transition fidelity is greater than 99.8% and together they consume less than 10-10
Using DNA for Basic Logical and Arithmetic
After the potential power of DNA computing has been described by Adleman and
Lipton, researchers have developed an interest in DNA computing for solving difficult
computational problems.
Guarnieri et al. and Vineet Gupta have proposed DNA based methods to do
arithmetic and logical operations. But in their methods, the strands representing result
have to be polymerized for each and every instance of a specific operation, those strands
are not reusable. The limitation can be overcome by using sticker-based method to

perform arithmetic and logical operations. The advantage of the proposed method is
that output values are computed and stored parallely. The strands which represent the
output can be used repeatedly any number of times. The main idea of this method is
grouping the strands according to the output value are stored. The result tubes are the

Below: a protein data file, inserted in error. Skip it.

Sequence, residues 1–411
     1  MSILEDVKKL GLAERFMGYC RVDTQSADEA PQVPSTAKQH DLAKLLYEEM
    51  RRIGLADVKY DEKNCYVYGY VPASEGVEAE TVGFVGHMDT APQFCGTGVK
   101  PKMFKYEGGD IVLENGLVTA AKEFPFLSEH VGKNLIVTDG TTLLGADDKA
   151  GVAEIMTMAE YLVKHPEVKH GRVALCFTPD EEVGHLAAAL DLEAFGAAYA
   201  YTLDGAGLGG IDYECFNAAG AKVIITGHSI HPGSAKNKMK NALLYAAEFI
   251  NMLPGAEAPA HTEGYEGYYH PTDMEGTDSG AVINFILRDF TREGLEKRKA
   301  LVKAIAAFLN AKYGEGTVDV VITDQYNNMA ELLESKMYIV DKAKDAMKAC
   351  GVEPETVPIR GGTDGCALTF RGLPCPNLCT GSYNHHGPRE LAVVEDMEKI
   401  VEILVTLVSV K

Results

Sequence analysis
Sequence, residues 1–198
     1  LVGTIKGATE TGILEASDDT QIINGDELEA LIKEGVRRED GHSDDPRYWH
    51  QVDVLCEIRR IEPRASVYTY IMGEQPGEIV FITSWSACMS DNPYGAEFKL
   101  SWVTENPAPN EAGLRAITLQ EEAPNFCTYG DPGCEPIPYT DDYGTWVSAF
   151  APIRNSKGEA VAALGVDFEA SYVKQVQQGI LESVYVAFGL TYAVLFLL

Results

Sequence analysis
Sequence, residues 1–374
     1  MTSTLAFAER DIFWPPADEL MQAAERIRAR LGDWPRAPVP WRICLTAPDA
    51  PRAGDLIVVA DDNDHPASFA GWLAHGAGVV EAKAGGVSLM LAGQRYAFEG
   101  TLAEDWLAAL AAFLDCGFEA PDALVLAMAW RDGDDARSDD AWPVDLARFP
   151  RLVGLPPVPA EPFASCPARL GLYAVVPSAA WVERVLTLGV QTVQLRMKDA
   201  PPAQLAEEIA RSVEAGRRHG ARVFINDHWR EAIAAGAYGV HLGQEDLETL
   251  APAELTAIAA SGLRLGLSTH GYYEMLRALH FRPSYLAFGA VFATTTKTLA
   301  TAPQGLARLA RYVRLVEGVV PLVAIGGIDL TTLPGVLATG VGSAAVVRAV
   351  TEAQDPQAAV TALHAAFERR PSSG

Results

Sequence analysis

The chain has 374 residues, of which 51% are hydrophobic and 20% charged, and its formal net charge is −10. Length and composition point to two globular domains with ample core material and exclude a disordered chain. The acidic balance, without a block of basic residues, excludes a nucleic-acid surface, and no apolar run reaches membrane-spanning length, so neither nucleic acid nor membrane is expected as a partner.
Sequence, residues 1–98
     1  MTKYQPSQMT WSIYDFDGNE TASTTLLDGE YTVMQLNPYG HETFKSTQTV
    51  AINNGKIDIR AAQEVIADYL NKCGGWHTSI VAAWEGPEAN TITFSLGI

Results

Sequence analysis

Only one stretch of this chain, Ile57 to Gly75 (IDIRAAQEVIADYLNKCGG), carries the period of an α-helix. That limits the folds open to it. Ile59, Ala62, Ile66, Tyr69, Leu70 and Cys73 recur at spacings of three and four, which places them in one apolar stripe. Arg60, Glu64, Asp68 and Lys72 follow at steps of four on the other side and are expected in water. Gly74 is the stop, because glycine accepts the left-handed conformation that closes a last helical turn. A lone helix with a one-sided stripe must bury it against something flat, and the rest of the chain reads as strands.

tubes, which contain the result strands after completion of the annealing process with
Biological operations and Notations:
Some of the biological operations used in this paper and their notations are
described below
Stickers corresponding to input blocks and memory strands are poured into a tube
to represent all possible inputs. initialize (No)
Particular Strands in a test tube are extracted based on whether the stickers stick
with specific region of memory strands or not
S (test tube label, Region, 1)
S (No, Io, 1) - extracts the strands from No with which sticker in the Io
th region.
S (No, In, 1) - extracts the strands from No with which sticker not stuck in the In
th region.
(Note : Sâ„¢ (No, Io, 1) = S (No, Io, 0))
Multiple copies of a particular sticker are poured with memory strands to make a
specific region double stranded. Set (N1, Rn+1, 1) - add multiple copies of sticker
complementary to Rn+1
th region in N1.
The strands in two or more tubes are poured into a single tube. No = merge (N1,
N2) - pour the strands in N1 and N2 into N0.
The proposed method

To perform arithmetic operations between two binary numbers of length k or
logical operations between two statements with k variables, start with 22k identical